Survey: Drastic decrease in Japan’s wild bird population

Courtesy of Hiroshi Uchida
A swallow

The populations of common wild birds, such as sparrows and swallows, has significantly decreased over the past 20 years, according to a nationwide survey.

The decline is thought to be mainly the result of a decrease in the number of insects, resulting in less food. Experts said there is a possibility that people don’t see the common wild birds around them, and their actual population size needs to be assessed.

The survey, which was organized by the Environment Ministry’s Center for Biological Diversity, the Wild Bird Society of Japan and other groups, is conducted about once every 20 years. It is the third survey of its kind, following the 1974-78 and 1997-2002 studies.

About 2,000 researchers and volunteers observed birds in 2,344 locations nationwide from 2016-21. Researchers also collected information, including where chicks were heard, using questionnaires.

Courtesy of Toshifumi Miki

The survey confirmed 379 wild bird species. Comparing 1,947 locations from previous surveys, the swallow population decreased by 40% to 8,987, and the sparrow population decreased by 34% to 20,627. There was also a decrease in cattle egrets and starlings.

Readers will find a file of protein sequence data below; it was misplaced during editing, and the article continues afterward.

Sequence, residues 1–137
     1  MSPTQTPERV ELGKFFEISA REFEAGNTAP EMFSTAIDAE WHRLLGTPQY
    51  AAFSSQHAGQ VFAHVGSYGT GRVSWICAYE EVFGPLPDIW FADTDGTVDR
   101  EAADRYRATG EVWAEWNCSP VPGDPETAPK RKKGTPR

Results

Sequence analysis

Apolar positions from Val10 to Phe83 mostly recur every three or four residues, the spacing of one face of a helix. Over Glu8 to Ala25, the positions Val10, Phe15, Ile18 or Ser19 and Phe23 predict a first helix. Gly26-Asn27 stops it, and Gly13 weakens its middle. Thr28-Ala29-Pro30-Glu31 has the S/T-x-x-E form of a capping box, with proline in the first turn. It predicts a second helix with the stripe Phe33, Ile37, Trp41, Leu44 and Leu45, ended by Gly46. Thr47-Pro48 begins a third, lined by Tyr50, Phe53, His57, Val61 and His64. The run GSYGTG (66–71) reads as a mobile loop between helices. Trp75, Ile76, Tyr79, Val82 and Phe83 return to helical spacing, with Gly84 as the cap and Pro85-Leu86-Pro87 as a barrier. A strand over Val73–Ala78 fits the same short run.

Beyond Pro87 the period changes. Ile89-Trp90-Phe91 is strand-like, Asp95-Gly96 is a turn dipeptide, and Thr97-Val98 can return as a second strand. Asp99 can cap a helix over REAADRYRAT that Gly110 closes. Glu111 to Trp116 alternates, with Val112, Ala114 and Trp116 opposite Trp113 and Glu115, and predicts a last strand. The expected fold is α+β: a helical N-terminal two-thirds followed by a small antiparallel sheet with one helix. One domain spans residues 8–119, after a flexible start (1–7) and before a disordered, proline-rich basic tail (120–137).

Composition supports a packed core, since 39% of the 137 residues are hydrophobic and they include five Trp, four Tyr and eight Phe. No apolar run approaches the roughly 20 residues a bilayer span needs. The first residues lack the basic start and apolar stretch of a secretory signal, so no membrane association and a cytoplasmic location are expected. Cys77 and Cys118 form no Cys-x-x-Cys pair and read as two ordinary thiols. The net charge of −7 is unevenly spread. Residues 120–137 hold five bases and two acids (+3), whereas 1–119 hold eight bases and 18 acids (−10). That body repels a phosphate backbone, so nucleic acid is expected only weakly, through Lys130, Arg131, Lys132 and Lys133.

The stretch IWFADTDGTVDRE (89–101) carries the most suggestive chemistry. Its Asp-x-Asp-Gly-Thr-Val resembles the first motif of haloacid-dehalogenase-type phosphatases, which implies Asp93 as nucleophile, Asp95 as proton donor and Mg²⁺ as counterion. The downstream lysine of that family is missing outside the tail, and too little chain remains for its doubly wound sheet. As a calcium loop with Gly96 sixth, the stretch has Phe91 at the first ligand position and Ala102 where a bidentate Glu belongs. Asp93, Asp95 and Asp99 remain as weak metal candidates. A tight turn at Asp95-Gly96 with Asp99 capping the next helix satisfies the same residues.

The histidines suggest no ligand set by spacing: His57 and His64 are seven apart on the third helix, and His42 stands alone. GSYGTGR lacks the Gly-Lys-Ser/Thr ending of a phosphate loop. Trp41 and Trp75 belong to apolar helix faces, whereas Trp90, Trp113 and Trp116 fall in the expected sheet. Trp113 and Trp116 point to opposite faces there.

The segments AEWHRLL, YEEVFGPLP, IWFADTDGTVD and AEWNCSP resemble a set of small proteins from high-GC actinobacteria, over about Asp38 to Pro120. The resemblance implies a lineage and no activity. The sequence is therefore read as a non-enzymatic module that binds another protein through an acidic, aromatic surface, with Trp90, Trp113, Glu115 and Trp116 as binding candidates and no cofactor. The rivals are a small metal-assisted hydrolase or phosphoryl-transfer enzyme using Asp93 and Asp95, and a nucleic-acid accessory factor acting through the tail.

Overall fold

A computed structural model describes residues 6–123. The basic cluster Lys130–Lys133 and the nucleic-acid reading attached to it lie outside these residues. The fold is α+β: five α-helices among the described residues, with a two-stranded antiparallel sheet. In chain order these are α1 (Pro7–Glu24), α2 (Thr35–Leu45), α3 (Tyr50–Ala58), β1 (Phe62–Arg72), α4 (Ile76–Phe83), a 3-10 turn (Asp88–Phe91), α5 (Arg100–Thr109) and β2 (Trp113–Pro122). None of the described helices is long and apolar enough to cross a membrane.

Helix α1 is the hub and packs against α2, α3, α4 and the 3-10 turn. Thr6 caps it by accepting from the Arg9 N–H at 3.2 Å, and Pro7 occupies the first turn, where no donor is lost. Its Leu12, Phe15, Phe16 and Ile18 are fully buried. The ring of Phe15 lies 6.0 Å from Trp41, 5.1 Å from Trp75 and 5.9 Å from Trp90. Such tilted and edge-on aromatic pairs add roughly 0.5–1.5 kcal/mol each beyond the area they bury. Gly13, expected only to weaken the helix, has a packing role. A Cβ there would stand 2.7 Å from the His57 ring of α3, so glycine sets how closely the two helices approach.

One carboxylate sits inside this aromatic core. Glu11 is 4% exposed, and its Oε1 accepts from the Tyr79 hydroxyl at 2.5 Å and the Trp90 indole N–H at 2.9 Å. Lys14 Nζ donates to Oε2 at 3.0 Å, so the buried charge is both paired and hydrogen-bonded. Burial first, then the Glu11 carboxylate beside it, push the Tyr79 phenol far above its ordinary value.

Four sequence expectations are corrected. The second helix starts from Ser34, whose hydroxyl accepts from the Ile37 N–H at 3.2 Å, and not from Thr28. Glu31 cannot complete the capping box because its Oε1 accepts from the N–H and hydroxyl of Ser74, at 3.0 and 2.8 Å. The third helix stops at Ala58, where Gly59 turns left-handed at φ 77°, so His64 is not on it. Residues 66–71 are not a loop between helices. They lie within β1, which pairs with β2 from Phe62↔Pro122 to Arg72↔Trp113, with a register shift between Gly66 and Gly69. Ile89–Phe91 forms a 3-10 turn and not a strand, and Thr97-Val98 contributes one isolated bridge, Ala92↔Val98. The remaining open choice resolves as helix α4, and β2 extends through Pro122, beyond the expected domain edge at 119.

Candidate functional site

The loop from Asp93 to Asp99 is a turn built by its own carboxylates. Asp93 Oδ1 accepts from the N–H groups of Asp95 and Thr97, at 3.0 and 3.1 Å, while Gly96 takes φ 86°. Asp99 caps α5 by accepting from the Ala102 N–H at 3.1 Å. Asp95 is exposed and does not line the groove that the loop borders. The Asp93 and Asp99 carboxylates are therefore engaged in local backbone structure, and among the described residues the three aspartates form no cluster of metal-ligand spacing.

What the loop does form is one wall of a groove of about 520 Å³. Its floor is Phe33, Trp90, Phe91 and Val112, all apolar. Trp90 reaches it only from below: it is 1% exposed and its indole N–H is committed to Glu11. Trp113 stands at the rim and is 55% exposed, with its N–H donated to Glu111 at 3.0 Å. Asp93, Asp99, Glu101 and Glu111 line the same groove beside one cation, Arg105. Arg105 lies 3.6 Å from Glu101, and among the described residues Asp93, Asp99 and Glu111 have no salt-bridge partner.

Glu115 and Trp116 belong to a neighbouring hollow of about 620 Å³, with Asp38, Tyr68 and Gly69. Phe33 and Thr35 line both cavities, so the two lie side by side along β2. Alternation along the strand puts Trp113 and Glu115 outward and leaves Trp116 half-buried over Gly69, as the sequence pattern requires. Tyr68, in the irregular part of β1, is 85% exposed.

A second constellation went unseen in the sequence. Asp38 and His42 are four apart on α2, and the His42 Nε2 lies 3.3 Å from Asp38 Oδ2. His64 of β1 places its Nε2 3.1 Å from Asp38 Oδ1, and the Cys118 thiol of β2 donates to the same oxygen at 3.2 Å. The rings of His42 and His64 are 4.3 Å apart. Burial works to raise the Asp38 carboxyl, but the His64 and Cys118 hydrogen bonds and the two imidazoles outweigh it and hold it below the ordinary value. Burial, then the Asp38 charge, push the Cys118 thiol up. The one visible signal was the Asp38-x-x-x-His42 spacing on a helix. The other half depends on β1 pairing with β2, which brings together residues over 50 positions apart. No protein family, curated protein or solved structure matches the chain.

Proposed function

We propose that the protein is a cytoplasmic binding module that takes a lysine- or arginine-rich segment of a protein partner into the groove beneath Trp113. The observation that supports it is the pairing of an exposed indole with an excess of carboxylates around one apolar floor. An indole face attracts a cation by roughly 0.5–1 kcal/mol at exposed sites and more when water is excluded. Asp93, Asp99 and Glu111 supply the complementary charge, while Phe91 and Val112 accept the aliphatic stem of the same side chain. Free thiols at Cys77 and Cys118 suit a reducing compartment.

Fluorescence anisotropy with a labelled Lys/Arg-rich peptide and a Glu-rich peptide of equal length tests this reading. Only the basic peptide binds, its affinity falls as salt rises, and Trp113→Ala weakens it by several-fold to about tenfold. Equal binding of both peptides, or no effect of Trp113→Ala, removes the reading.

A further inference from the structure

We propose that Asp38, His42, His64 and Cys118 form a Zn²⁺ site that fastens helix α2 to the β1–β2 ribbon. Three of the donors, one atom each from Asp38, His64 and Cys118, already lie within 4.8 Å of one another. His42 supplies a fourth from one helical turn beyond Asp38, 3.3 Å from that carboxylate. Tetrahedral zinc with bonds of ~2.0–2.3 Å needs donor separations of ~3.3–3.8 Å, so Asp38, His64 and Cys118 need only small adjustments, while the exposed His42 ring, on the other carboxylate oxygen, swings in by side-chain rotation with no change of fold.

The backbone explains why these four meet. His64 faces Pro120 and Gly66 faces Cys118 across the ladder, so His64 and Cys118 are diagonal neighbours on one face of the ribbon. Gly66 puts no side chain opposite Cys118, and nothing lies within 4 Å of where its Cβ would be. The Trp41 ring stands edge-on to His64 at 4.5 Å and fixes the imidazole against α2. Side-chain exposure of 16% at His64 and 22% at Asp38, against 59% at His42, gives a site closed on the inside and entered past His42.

The results suggested that the populations of wild birds that prefer open spaces or catch their prey midair particularly decreased. Mutsuyuki Ueta, 51, president of Bird Research, a nonprofit organization that took part in the survey, said the decline might be the result of a decrease in the insect population and large farmlands, where some birds like to hunt.

Courtesy of Toshifumi Moriya
A red-billed leiothrix

However, among invasive bird species that are subject to extermination, the Chinese thrush population grew 20-fold to 1,105, and the red-billed leiothrix population increased 2.4-fold to 1,507. These birds are thought to have been initially kept as pets but were abandoned or escaped and bred in the wild.